The California coastal town of Ventura is spending $4.5 million dollars on its popular Surfers Point to "back off" from increasing coastal erosion and rising water levels—a fate that awaits much of the US coastline, reports the Los Angeles Times. The project involves ripping out a seaside bike path, tearing down a parking lot, and putting up new asphalt 65 feet further inland. "Managed retreat is one of the things that we're going to have in our quiver to deal with sea-level rise and increasing storms," said the head of a group funding the project.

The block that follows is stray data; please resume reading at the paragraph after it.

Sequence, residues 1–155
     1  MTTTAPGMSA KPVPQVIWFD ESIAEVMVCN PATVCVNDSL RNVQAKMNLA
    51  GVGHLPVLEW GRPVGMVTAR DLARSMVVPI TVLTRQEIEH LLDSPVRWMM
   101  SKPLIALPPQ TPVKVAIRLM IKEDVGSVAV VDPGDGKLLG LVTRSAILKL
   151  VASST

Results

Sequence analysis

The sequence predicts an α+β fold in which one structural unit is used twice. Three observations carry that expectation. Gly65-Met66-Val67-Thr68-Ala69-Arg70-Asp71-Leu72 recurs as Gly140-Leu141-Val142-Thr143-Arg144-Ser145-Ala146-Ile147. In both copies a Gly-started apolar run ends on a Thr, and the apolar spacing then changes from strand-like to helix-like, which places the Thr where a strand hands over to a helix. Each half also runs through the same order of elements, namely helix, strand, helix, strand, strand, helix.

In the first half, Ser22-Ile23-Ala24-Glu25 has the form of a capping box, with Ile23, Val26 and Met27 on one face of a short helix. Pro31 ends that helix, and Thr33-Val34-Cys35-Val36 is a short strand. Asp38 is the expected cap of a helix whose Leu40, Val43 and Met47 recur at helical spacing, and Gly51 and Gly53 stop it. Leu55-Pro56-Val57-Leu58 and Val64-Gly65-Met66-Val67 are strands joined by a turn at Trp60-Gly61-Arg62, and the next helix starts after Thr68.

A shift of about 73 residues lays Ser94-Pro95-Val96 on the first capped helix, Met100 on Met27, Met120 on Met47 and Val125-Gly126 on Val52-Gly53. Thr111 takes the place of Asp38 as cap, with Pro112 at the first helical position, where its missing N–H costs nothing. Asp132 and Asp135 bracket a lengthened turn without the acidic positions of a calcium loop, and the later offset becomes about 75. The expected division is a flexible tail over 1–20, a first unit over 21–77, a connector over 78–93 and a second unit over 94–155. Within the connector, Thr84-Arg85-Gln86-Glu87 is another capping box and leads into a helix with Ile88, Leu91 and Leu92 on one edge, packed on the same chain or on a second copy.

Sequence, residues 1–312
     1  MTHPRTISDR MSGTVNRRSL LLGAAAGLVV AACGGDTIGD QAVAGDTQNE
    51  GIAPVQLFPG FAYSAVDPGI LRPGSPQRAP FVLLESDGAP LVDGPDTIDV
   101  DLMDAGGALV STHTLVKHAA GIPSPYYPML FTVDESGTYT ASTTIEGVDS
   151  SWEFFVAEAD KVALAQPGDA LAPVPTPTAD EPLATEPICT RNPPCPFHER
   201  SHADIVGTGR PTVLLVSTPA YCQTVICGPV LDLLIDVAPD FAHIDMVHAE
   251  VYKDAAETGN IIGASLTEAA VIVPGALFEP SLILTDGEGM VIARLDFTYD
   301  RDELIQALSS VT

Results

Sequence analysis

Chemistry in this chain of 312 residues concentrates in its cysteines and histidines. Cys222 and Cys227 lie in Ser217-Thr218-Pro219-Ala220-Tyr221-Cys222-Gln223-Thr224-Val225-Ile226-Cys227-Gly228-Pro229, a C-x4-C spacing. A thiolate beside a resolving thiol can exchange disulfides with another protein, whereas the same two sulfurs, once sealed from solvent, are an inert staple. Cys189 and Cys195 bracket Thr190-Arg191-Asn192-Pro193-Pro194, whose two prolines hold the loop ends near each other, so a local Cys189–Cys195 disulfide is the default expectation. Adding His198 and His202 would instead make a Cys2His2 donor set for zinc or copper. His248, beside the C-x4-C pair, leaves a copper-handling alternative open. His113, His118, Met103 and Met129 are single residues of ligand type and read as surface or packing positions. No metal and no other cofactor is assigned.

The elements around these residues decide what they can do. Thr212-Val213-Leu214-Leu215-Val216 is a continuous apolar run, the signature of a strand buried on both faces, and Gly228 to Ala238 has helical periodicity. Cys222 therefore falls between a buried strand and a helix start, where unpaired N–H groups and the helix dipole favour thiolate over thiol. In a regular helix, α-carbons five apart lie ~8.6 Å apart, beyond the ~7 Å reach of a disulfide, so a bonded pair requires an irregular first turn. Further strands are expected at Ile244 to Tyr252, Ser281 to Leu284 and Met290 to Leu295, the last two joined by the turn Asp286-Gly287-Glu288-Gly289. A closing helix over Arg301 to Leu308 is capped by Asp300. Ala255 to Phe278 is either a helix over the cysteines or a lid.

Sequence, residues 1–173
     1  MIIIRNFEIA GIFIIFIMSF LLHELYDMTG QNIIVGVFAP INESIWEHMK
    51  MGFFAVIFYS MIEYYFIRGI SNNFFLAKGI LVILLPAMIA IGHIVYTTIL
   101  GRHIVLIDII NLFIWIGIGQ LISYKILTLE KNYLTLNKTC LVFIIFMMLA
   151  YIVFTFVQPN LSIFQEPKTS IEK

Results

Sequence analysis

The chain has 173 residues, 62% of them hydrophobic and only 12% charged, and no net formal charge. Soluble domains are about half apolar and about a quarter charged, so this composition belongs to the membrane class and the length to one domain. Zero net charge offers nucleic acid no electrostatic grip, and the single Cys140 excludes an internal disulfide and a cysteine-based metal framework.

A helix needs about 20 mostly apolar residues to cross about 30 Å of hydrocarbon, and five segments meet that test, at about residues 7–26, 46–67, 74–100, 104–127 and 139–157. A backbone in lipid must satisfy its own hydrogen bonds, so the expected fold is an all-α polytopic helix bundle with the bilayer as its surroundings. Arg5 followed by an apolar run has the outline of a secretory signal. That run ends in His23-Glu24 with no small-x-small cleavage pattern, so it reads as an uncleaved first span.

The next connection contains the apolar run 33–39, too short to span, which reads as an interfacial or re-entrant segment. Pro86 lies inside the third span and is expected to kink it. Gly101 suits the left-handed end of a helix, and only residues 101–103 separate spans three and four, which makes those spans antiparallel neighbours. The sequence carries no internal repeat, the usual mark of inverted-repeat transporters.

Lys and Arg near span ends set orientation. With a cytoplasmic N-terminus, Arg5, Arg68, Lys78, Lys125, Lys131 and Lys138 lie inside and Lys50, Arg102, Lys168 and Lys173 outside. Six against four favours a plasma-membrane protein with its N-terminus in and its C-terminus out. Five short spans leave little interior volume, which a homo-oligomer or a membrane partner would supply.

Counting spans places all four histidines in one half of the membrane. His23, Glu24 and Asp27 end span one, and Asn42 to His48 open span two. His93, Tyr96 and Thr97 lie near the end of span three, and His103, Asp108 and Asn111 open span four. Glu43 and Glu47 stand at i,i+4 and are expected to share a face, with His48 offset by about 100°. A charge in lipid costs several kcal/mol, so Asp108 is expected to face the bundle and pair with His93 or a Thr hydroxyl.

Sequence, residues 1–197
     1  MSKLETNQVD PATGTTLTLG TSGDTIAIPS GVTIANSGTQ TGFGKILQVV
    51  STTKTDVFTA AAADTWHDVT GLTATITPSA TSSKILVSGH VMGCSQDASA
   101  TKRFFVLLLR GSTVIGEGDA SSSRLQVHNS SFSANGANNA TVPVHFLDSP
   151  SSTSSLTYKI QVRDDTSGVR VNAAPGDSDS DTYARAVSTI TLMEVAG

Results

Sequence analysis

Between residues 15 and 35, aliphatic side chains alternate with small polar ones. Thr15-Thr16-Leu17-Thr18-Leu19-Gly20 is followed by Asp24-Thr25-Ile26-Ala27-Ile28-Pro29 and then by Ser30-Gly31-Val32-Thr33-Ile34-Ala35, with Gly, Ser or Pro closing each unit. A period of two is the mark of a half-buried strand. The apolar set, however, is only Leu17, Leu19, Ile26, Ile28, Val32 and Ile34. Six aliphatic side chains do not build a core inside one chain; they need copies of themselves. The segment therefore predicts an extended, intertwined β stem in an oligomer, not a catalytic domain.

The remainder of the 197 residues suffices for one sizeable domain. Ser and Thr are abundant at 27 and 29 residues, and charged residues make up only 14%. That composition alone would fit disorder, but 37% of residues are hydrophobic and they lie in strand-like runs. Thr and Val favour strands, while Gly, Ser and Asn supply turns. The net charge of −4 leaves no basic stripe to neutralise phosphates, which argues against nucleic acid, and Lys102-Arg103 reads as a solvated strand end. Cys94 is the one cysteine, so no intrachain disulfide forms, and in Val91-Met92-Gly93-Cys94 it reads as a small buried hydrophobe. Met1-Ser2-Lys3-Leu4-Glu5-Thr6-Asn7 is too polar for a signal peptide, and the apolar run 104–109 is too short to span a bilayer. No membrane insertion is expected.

Ocean levels have risen about 8 inches in the last century, and are projected to rise as much as 55 inches by the end of the next, and gobble up 41 square miles of California coast, according to a 2009 report. Building sea walls and buffers—already completed along some 10% of the California coast—can worsen the effects of waves and weather, stripping away beaches. A managed retreat is designed to preserve beaches and seasides. "The challenge is we have built most of our civilization within a few feet of sea level or right at the edge," said a geologist. "It's either going to be managed or unmanaged, but it's going to be retreat."